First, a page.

2. You are looking for a fairly common vintage item that has deep personal meaning for you or someone you know. I'm sorry, but we do not post requests for "one of a kind items" that have been lost or stolen.
Remember to include as many details about the item(s) as you can. For your story to run in this section, you must include your email address and allow us to publish it. If this service helps you eventually track down the relatives or find an item, please tell us about it in a follow-up story.
Hello, I am looking for an old aviator's cap(one with the goggles). I need it for a gag gift, for a retirement. It should be cracked and dirty if possible. I've tried antique shops and flea markets but cannot find one. Can anyone help? D. Treski - Woodridge, Ill.
How about you? Do you have some special vintage item that is in need of its owner or are you looking for a special item or person? Maybe we can help. Send us info at LostAndFound@tias.com
6) NEWS FROM THE KOVELS
KOVELS' ADVERTISING COLLECTIBLES PRICE LIST
Don't ever throw anything away! A Burger King cardboard milkshake lid from the fast-food chain's early years costs $12 today, and a 1960s plastic Mr. Peanuts charm bracelet sells for $30. Would you believe a Clipper beer can from the 1940s can sell for more than $19,000? Gosh-you might find one of those in your Grandpa's garage!
KOVELS' ADVERTISING COLLECTIBLES PRICE LIST (Random House Reference, $16.00, $23.00 CAN) features thousands of collectibles from the last 150 years of American advertising, packaging, and product promotions. This comprehensive price guide, listing current prices for more than 10,000 items, goes beyond the classic signs we have come to think of as antique advertising and includes a wide variety of memorabilia from tin boxes and ashtrays to beer cans and toys.
Special features include:
· Actual prices of more than 10,000 collectibles, and each price is reviewed for accuracy
· More than 200 categories, organized by brand name (Burger King, Wheaties), company name (Gillette, Wrigley), product (tobacco, beer), item (jar, label, premium), etc.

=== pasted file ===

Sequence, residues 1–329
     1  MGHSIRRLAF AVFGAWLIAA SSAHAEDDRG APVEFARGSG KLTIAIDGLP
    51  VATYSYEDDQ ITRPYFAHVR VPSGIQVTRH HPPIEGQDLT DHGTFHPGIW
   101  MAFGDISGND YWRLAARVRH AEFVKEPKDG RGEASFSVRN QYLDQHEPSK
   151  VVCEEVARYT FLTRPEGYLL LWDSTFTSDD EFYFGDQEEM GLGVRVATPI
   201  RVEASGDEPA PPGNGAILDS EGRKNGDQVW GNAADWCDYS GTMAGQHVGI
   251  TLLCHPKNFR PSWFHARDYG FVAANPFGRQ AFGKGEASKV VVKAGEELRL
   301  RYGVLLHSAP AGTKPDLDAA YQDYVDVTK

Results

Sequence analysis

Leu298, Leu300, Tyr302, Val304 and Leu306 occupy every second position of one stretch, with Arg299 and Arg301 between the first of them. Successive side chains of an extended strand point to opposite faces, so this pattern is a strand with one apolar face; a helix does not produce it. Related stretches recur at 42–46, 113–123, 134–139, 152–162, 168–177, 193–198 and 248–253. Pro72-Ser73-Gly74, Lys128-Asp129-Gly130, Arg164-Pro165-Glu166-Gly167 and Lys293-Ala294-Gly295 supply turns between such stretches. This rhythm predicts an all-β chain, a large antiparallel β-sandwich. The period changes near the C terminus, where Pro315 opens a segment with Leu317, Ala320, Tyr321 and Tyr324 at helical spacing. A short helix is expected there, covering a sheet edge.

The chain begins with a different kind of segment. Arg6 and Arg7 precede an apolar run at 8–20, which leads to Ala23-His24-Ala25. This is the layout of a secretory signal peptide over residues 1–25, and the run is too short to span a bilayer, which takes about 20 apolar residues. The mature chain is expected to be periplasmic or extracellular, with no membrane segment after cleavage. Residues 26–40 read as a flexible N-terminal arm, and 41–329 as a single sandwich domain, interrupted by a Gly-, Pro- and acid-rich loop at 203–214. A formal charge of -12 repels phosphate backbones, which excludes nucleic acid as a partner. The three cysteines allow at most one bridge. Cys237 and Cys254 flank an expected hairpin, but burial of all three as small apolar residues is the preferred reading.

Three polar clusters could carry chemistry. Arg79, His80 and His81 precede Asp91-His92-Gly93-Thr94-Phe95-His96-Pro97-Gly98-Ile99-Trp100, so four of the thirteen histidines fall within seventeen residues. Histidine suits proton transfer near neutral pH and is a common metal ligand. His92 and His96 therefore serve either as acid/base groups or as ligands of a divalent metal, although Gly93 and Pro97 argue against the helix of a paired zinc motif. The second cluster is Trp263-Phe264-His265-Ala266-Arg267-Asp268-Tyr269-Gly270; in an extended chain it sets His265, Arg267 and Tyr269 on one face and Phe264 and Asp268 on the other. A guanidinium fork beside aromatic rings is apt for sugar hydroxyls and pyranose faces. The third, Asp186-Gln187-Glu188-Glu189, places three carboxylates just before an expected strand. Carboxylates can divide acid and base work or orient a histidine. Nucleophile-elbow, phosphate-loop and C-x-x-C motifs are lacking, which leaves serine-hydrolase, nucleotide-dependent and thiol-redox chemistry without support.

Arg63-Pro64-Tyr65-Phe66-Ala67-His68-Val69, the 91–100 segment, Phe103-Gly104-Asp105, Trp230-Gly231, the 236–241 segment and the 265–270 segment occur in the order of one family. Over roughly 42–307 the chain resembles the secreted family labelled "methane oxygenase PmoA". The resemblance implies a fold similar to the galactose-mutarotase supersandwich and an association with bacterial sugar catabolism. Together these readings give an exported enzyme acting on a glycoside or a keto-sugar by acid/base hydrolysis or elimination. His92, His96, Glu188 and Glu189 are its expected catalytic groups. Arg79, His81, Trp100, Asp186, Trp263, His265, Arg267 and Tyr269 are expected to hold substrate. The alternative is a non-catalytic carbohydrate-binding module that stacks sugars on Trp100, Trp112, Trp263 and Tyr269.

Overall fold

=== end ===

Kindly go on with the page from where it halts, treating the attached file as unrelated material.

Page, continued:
· Company histories
· More than 350 photographs, logos and trademarks
· 16-page color insert showcasing unusual collectibles
· Lists of clubs, publications, and museums, plus a bibliography
· Comprehensive index with extensive cross-references
SPECIAL OFFER- Order your copy online and the Kovels will send you an autographed copy.
For more information and to order- click here:
7) Newly listed items for your online shopping pleasure for Friday, July 20, 2007 Stop by and check out today's fresh inventory at:
8) Funny Old Stuff
This is our humor section. These are humorous family stories and comments that are sent in by readers. If you have a submission you would like to share, please send it to email@example.com and we may run it in the next issue.
The capon story reminded me of my own capon mystery experience: In the 70's, my husband and I were a young married couple visiting Las Vegas to see Elvis perform. We were dining in a fancy restaurant and were trying to appear to be a wise and worldly couple who did this often. I asked the waiter what a capon was (I guess that was a dead give away that we were not worldly). Imagine my shock when the very stuffy waiter told me it was a castrated rooster! I didn't order it! I love reading the newsletter- finding like minded people in this hurried world is delightful! Jo Anne Scott North Port, FL